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The Tragedy of Human Freedom

The Failure and Promise of the Christian Concept of Freedom in Western Culture

Martien E. Brinkman

Human freedom has been the source of both the high points of humanity as well as of its low points, thus giving rise to the impression that it is a somewhat ambivalent concept. According to Martien Brinkman, the major factor in this ambivalence is the rather narrow meaning that the concept has received in the course of history. Freedom is, for the most part, understood as ‘freedom from’ or ‘freedom to’ but only rarely as ‘freedom for’. However, it is precisely this latter understanding that is closest to the Christian understanding of freedom, which Brinkman defines as ‘internal attachment’. In his view Christian freedom is at bottom characterized by that to which one commits oneself in trust. He sees primarily the Christian theology of baptism, with its accent on ‘dying’ and ‘rising’ with Christ as the model for the way in which one acquires freedom.
Brinkman illustrates this in this study by means of a great number of biblical images and images borrowed from the historical debates between Augustine and Pelagius and Luther and Erasmus.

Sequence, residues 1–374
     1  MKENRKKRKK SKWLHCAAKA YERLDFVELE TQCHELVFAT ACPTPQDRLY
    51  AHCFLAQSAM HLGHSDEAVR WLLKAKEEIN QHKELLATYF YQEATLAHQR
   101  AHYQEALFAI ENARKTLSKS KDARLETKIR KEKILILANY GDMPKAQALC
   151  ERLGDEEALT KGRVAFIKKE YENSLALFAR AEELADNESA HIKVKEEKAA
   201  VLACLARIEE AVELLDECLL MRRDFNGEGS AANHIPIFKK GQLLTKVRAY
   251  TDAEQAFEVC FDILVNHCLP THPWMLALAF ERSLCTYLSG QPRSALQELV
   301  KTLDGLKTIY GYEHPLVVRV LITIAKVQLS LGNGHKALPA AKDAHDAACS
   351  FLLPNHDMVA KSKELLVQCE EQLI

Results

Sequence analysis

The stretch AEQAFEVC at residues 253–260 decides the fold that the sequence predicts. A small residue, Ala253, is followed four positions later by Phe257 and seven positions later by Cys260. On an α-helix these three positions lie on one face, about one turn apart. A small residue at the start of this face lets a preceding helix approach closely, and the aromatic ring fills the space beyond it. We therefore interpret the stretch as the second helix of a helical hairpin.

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Martien E. Brinkman

In early Christianity, the descent into hell was the symbol of the range of the resurrection: even the dead would be liberated from the evil powers holding them captive. Together with the phenomenon of exorcism during the baptism rite in the night of Eastern it is a clear indication of the strong awareness of the influence of evil powers upon the living and dead in the ancient church. This contribution will discuss the continuous struggle with evil for the dead and living believers. It confronts us first with our beliefs on the place of our ancestors and, second, with our own position regarding bad (evil) spirits, even after our baptism. By speaking about demons, the New Testament intends to underline the seriousness and power of the temptations to which human beings are exposed and to which they repeatedly succumb. The prayer “deliver us from (the) evil (one)” indicates that we need strength from elsewhere to be delivered from the grip of evil. Evil, then, not only has to do with a good or bad will or with a concretely good or bad deed but also with a third power which we cannot apparently denote in a different or more adequate way than by means of such words as demon, devil, Satan, etc.